Funding confirmed for Launceston City Deal

PRIME MINISTER Malcolm Turnbull has confirmed the Commonwealth will invest $130 million in the Launceston City Deal, the centerpiece of which is the relocation of the University of Tasmania’s Newnham campus to Inveresk, near the central business district.

Mr Turnbull was in Launceston on January 16 at the announcement of the Greater Launceston Transformation Project, which aims to use connective technology and new 3D virtual city modelling tools to “transform city planning processes, deliver better educational outcomes and develop a community co-designed innovation hub”.

In addition to the Commonwealth’s $130 million, the University of Tasmania (UTAS) is contributing $64.6 million to the project, the Tasmanian State Liberal Government $60 million, and the City of Launceston Council $5.4 million. Other project partners include the West Tamar, Meander Valley and George Town councils, and Telstra.

Aside from the UTAS campus relocation, the project will consolidate coverage of Launceston with an Internet of Things (IoT) network. Similar to Wi-Fi, this network will allow low-powered devices to communicate with internet-connected applications over long-range wireless connections.

City of Launceston Mayor Albert van Zetten (pictured, second from the right, with Tasmanian Local Government Minister Peter Gutwein, Malcolm Turnbull, and Federal Education Minister Simon Birmingham) said that Federal government’s $130 million investment was a crucial step in realising what will be a once-in-a-generation project for the city.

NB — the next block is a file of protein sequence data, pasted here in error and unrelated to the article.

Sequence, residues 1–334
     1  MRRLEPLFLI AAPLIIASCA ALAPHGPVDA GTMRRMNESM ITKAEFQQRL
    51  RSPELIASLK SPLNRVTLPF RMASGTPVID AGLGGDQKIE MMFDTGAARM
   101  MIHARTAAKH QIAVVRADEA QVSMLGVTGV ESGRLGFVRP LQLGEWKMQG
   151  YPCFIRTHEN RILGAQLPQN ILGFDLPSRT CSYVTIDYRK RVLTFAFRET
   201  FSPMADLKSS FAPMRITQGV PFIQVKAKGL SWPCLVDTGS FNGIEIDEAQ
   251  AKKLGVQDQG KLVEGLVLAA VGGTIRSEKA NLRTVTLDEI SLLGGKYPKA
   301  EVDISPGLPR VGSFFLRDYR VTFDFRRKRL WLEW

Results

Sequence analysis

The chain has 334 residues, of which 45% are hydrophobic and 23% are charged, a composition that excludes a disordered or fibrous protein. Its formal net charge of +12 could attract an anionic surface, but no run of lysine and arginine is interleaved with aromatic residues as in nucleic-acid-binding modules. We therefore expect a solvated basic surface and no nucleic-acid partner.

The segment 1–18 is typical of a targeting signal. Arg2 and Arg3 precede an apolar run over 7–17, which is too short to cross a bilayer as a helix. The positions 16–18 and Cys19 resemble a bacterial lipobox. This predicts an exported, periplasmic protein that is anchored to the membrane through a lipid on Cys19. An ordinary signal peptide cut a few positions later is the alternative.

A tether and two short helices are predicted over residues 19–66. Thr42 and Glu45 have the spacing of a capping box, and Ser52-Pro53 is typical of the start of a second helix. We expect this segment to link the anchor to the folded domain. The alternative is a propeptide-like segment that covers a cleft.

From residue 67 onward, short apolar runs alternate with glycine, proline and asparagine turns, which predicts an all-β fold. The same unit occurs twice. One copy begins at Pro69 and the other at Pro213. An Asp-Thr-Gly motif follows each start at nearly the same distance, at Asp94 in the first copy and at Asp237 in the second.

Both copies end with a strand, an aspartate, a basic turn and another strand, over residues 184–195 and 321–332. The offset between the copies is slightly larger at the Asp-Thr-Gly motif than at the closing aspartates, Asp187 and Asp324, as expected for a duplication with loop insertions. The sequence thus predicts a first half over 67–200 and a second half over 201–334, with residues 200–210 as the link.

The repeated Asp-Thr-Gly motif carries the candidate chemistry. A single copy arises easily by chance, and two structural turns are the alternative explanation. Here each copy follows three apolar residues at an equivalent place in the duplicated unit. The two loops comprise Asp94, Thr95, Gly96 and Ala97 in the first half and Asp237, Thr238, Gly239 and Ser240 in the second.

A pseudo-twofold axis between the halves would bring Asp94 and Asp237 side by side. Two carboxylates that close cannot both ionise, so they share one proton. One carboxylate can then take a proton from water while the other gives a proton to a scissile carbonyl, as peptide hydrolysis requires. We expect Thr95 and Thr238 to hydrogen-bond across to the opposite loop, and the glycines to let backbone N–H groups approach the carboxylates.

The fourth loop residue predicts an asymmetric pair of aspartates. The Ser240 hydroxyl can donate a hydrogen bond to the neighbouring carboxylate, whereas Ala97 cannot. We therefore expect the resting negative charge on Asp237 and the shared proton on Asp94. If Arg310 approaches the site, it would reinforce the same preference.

“The benefits of bringing thousands of students into the CBD will help reinvigorate the city, with many flow-on effects for the Northern economy,” Mayor van Zetten said.

UTAS Pro-Vice Chancellor David Adams said the project would enhance collaboration across four streams: innovation, a digital city, digital opportunities for industry, and education and employment pathways.

In a newspaper opinion piece, Professor Adams said much of Tasmania’s social and economic drive would continue to be about local entrepreneurs creating local innovative businesses that are globally competitive. 

“Councils are in a great position to identify, stimulate and connect this spirit of entrepreneurship to opportunities,” he said. “This creates jobs and attracts others to visit and live, a valuable multiplier effect.”

The agreement includes the establishment of an IoT lab (with support from Telstra) and the creation of a Tasmanian Agritech Start-up Accelerator.

Whilst in Tasmania, Mr Turnbull also signed an agreement with Tasmanian Premier Will Hodgman to advance a City Deal for Hobart under the Coalition’s Smart Cities plan.

This City Deal is expected to include development of an Antarctic and science precinct at Macquarie Point, the relocation of UTAS’s Science, Technology Engineering and Maths (STEM) centre to Hobart’s CBD, the implementation of a light rail and public transport strategy, and affordable housing initiatives.

Neither Mr Turnbull nor Mr Hodgman mentioned funding, however.

Hobart City Council general manager Nick Heath welcomed the signing as a positive step forward, saying: “It's an opportunity to shape it, to negotiate it and put it together a series of projects that will help continue the transformation of Hobart’’.

An agreement with Hobart would be the fourth Smart Cities deal, following agreements with Townsville, Launceston, and Western Sydney.

There’s also a prospect of a Geelong City Deal, with the Federal and Victorian state governments signing a memorandum of understanding on January 17 to work on a partnership agreement.